Up-scaling and mainstreaming sustainable building practices in western China
Up-scaling and mainstreaming sustainable building practices in western China 


The cement industry is one of the largest emitters of CO2 emissions, with up to 5% of the world’s total, and requires high amounts of energy in its production. It is also the largest used manufactured material by mass and the second most used substance after water in the world. In addressing this more sustainable cements, which are comparable to the typical used standard, with lower CO2-emissions, have been developed. Further on-going research is also focused on the development of cement that has comparable properties to Portland cement but with lower CO2-emissions and energy consumption.

Eco-Cements for example can be a more sustainable alternative to “normal” cement. These have lower CO2 emissions. Eco-cements also have the benefit that it hardens by sequestering CO2 from the air.












Net emissions (sequestration) per kg cement

Source: www.tececo.com

Sustainable methods of substituting Portland cement are those of using limestone, granulated blast slags and coal ash fly. Other methods include the use of industrial waste materials like slag and natural hydraulic-setting minerals such as pozzolan as clinker substitutes. These clinker substitutes represent a potential of replacing up to 50% of Portland cement clinker while maintaining similar performance. In some applications, filler contents higher than 50% in the cement can still offer satisfactory performance. The substitution of conventional clinker by up to 40% with more sustainable alternatives could reduce CO2 emissions by up to 400 million tonnes of annually. Eco-Cements although they do have the advantage that they do not need to be calcinated they do need to be activated either by adding Portland cement or so-called geopolymers or alumino silicate-cements.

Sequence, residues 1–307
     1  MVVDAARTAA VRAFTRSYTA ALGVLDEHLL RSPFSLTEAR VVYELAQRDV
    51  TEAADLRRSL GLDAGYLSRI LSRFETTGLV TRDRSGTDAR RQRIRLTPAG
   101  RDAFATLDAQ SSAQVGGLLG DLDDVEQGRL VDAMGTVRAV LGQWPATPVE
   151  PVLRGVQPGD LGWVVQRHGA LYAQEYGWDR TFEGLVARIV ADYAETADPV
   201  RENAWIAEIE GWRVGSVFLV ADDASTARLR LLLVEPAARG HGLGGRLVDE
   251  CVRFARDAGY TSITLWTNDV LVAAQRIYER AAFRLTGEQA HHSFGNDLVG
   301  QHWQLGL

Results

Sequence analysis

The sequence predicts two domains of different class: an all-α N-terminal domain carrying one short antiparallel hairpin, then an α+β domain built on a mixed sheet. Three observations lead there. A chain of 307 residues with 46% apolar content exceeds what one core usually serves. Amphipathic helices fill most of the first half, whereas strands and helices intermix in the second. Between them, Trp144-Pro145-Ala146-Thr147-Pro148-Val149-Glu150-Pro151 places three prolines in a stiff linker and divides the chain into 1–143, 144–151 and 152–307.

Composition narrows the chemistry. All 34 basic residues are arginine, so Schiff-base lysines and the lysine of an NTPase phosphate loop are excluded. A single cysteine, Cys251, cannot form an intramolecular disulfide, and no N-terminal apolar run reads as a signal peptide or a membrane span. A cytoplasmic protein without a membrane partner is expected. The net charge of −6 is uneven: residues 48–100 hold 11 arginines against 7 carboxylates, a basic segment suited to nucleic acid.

One drawback at present it that although the sustainable cements do have a comparable strength to Portland cement, there is only limited information concerning other relevant properties, such as the long-term protection of steel against corrosion, porosity and frost resistance. A sustainable use of cement can however be the use of the highest strength concrete grades only where need and lower strength but more economically viable and sustainable cement in other areas.

Optimizing the mix of coarse and fine fractions of particle packing, through for example industrialised prefabrication in a controlled environment, can also reduce the use of Portland cement without the loss of performance. If this is not possible concrete should in any case not be mixed on-site but in its very worst be industrially mixed and delivered on site as needed.

Eco-cements are to date for the most still slightly more expensive than conventional cements. There has even been the case where on the higher end of the scale a CO2-neutral cement developed in Belgium with a 5% per cent higher price has not sold one tonne. Although in many areas the use of eco-cement is not taken up to due to current pricing there is still a huge potential for this. A careful life-cycle analysis in the planning phase is however recommended. It is expected as with all innovative materials and technologies that this price will come down drastically with market uptake.

In comparison to conventional cement such as Portland cement Eco-cement has the benefit that it is fully recyclable.

For more good practice examples download our Training Handbook: Sustainable Construction.